Rob Bell: Yeah. Because you come up through a world that gave you conventional wisdom. This is how it’s done. So then you do it that way. Yeah. There’s pre conventional wisdom. That’s the two year old, a three year old. His favorite word is no. So then you think about even in parenting. There’s the subtle thing a parent is doing. When you say to like your junior high student. Hey, we try to shower once a week in this house. It’s like you’re you’re, you’re ever so subtly guiding your child from preconventional to conventional wisdom. There are ways things are done. And for healthy human development, there has to be moved from preconventional to conventional. But then in other places, you’re doing it how it’s always been done. And you realize this isn’t working? Or This isn’t how I am. Yeah, I always tell people, you’re looking around wondering, why are other people talking about this way or trying this? And you’re like, upset and lonely. But if everybody else was it would be called normal. But it’s not.
Vanessa: Let’s talk about it, where I think about it a lot, which is in organized religion. Yeah. So I have sat up at night, and thought to myself, What is more likely that the way that the world is, and what is true, is dictated by where you happen to have been born? Right, and the family you happen to have been born into? Right? What did you get? And what did you need? And that structure or tradition or ritual or community that is now no longer being served through that maybe for you? And and how can we reimagine that? Because those needs are real, because that thing is sticky and strong, as we know. And so that’s what I sort of stay up at night thinking about and trying to reimagine.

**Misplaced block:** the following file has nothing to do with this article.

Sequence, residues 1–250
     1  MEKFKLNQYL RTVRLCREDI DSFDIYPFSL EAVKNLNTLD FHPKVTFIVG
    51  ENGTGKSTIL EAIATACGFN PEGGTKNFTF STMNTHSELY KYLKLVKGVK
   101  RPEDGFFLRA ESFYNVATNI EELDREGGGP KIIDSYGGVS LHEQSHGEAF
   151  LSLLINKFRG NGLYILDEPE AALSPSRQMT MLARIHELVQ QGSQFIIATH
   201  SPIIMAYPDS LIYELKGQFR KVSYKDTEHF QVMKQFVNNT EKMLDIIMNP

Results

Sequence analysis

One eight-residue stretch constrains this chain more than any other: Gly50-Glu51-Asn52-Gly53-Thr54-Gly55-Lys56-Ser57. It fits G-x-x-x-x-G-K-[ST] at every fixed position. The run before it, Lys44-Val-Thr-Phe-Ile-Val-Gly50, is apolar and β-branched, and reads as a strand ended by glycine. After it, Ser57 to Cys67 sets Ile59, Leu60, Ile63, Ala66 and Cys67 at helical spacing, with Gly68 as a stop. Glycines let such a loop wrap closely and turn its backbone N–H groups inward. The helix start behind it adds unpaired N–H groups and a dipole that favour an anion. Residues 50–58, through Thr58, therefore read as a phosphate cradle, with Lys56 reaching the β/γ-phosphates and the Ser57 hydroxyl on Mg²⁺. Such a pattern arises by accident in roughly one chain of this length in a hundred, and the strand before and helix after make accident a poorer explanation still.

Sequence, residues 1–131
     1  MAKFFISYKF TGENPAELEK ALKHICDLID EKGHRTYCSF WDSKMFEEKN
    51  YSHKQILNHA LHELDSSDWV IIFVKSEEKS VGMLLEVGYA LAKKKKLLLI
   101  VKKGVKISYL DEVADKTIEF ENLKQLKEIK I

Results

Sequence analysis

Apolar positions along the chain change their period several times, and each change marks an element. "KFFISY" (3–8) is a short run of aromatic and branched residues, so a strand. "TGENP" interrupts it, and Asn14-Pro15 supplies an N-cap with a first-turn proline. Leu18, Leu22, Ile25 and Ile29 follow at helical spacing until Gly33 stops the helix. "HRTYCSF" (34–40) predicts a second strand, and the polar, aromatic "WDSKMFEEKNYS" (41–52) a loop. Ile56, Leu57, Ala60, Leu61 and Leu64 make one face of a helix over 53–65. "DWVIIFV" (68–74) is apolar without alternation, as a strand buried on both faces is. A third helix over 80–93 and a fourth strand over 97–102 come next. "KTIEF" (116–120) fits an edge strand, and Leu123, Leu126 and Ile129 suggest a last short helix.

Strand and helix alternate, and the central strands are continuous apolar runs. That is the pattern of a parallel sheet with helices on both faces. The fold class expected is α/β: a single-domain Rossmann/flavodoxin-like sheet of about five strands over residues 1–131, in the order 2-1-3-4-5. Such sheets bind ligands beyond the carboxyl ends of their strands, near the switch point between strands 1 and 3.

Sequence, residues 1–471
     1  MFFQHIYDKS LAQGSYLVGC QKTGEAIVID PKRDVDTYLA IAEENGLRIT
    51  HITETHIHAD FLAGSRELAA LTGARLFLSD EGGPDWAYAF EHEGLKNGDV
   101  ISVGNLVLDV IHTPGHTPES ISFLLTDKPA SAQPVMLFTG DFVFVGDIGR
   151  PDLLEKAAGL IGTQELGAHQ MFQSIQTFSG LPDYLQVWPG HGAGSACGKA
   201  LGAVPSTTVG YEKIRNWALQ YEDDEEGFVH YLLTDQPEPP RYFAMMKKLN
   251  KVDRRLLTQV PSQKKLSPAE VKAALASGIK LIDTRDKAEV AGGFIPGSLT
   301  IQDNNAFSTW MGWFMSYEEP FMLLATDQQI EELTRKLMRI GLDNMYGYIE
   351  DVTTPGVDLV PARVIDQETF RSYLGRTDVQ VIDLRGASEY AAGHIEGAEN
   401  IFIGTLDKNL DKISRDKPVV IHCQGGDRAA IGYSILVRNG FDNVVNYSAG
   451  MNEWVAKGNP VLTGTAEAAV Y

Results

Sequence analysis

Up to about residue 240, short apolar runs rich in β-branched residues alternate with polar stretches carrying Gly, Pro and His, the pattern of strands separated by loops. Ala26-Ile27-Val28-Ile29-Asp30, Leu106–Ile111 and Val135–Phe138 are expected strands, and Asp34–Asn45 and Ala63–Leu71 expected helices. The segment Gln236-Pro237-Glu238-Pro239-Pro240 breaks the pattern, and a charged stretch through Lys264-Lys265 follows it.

Rob Bell: Yeah, because with NUSHU, you essentially did that. You essentially reimagine, okay? There’s, there’s something about the human experience that when we sit with each other, and witness to our experience, and the full spectrum of our experience, all the doubt, rage loss, betrayal, euphoria, joy, connection, love, longing, desire, all of it. There’s something when we come together and witness to each other’s experience of this experience. That makes it way better. So there’s this endless process of destruction and construction, there’s leaving behind what isn’t working anymore. And that human beings have been doing this for 1000s of years, and opposed to being a problem. It’s the juice of life. What are we doing here? How does it work? Who are you? Who am I, we’re having this conversation, we’re aware that we’re aware. That’s enough wonder and mystery to take you the whole way. We’re aware that we’re aware, I can observe myself being aware. And then within this larger sense of consciousness and awareness, we each have, there’s a body, as opposed to the body being the outside of the experience, the body is happening within this experience. Oh, my goodness. This is why the wisest ones in every tradition are always the ones smiling. Yeah, cuz they’re like in on the joke, like we’re here when a ball of rock hurtling through space at 67,000 miles an hour. And if you’re not smiling about that, you’re gonna be that’s actually what happened to me is I always found this, these this great mystery. And for many people mystery is something you can’t know. But true mystery is something you could know endlessly. That’s really important. And for us, especially people who are like, spirituality, etc. Feels very woowoo and squishy and ridiculous. It’s just all a bunch of No, no, no, it’s things you can No, you can just know that mentally. That’s what happened to me in my 20s. I found all this to be fantastically interesting. How do you forgive people who have wronged you? How do you find your way in the world? How do you become more generous and loving? And then in the world I was in like you would then you would do religion become an expert in religion. So that like helped me exactly what you said. But also God was in the way, a lot of these texts and poems and prayers are incredibly helpful at naming this experience. But then there’s a whole other side to it. That’s like, just get that just get me away from that, because that’s in the way.